Chart of the Week
The Federal Reserve increased the federal funds rate by 50 bps at its gathering on 14 December. The move concludes an extraordinary year during which the Fed’s policy rate range climbed from 0–0.25% to 4.25–4.50%. The last time rates increased at such a fast pace was in the eighties. Since then, rate rises during monetary tightening cycles have seldom exceeded 2.00–2.50% in a single year.
Further rate hikes undoubtedly lie ahead. By the end of December 2023, members of the Federal Open Market Committee (FOMC) expect the rate range to be 5.00–5.25%. Of the 19 members, only two saw rates peaking lower than the mid-point and seven saw them surpassing it. This would suggest that the Fed plans to raise rates by at least another 0.75 percentage point in early 2023 and subsequently maintain that level until the end of the year. Rate cuts would only start in 2024.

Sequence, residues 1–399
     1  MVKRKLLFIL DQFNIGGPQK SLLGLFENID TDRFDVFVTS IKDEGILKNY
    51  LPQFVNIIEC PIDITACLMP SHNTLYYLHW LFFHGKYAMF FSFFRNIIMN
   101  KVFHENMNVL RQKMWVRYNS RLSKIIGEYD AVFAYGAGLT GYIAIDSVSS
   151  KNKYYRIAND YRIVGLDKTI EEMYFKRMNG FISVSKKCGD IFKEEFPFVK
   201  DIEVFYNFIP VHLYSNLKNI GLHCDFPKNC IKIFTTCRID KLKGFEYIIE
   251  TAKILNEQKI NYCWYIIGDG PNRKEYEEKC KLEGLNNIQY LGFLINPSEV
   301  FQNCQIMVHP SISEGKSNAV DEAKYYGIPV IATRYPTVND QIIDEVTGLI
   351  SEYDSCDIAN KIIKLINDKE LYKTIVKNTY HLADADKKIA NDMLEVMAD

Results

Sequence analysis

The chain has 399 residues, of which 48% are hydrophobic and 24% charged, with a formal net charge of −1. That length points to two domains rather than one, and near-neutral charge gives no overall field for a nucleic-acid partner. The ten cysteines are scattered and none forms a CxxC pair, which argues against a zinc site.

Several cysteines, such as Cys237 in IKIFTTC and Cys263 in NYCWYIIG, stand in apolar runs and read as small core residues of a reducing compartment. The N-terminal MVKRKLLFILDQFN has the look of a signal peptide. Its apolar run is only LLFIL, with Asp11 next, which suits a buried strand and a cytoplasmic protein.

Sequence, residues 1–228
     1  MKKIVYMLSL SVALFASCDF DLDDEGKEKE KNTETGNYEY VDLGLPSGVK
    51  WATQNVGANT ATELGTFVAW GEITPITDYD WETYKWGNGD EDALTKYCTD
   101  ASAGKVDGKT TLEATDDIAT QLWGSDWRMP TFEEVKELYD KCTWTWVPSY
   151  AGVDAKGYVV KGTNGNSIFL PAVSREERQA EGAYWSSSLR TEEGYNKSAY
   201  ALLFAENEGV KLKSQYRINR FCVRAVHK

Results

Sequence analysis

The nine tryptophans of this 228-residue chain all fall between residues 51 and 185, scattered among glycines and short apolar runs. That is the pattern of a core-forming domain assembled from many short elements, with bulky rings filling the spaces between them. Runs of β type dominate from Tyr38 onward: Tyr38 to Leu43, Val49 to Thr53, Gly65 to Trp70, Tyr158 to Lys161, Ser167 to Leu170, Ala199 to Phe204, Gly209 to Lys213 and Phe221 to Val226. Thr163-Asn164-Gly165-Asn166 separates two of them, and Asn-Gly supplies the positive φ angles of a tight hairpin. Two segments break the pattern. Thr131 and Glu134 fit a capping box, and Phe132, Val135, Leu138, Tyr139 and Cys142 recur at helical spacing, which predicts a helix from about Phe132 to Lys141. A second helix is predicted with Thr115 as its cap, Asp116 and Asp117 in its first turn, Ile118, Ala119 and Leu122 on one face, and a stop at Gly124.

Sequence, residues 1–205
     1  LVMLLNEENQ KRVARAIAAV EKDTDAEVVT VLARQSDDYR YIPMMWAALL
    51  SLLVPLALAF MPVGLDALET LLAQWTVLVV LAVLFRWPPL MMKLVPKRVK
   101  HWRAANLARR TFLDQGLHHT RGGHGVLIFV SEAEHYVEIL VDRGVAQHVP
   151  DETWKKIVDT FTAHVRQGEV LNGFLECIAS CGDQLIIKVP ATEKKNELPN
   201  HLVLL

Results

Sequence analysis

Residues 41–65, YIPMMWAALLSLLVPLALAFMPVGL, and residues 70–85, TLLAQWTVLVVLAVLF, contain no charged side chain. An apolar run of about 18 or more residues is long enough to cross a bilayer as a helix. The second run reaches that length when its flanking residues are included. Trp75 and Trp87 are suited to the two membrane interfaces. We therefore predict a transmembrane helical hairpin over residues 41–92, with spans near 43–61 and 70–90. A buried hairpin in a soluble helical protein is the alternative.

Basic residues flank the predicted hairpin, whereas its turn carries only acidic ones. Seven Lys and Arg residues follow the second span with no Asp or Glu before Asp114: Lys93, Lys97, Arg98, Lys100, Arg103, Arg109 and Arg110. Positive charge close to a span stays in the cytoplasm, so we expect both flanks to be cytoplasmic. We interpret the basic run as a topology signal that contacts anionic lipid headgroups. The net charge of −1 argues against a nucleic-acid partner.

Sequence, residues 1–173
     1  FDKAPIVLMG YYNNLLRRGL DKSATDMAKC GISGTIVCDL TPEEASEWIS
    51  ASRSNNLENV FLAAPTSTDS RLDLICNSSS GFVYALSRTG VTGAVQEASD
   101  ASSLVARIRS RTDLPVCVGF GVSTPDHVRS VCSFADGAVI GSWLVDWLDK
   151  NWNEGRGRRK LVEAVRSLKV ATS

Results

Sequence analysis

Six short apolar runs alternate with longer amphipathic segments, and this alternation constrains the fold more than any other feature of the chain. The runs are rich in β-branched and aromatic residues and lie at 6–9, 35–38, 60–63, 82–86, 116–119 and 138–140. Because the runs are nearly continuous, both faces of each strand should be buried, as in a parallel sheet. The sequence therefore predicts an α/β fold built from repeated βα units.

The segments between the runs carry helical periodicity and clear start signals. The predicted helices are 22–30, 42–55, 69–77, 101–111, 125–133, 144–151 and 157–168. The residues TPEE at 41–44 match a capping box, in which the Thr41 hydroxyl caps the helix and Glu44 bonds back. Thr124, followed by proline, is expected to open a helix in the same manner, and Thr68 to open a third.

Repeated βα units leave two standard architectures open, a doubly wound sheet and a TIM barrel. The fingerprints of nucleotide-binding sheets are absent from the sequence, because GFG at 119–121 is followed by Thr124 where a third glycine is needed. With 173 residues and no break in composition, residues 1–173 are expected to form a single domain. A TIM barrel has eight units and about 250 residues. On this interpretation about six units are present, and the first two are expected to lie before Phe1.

As the chart below shows, investors are expecting a much lower pathway for rates. The market is pricing in just 50 bps of Fed rate hikes in the months ahead and believes that lowering will begin in the second half of 2023.
Weaker inflation figures for October and November have supported investor sentiment that the inflation peak is behind us, opening the door to monetary policy easing. However, a closer look at the inflation breakdown shows softer price growth mainly in the goods affected worst by the Covid-19 pandemic, such as second-hand cars.
More fundamentally, the Fed will be wary of inflation for as long as wage growth remains robust and the latest figures indicate no let-up. The recent inflation figures are unlikely to convince a Federal Reserve so keenly focused on reaching its 2% target and the gap between market expectations and the Fed’s dot plot could make for a choppy 2023.*
The opinion expressed above is dated December 16, 2022 and is subject to change.
See also: https://latribune.lazardfreresgestion.fr/en/high-yield-higher-yields-lie-ahead/
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